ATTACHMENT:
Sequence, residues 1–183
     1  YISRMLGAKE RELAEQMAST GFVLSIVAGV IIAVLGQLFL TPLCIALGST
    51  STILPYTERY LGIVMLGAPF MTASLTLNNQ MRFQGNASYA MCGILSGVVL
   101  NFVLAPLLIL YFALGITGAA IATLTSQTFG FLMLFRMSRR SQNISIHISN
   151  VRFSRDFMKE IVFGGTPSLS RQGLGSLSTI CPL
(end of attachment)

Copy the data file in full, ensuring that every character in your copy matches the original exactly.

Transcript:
Sequence, residues 1–183
     1  YISRMLGAKE RELAEQMAST GFVLSIVAGV IIAVLGQLFL TPLCIALGST
    51  STILPYTERY LGIVMLGAPF MTASLTLNNQ MRFQGNASYA MCGILSGVVL
   101  NFVLAPLLIL YFALGITGAA IATLTSQTFG FLMLFRMSRR SQNISIHISN
   151  VRFSRDFMKE IVFGGTPSLS RQGLGSLSTI CPL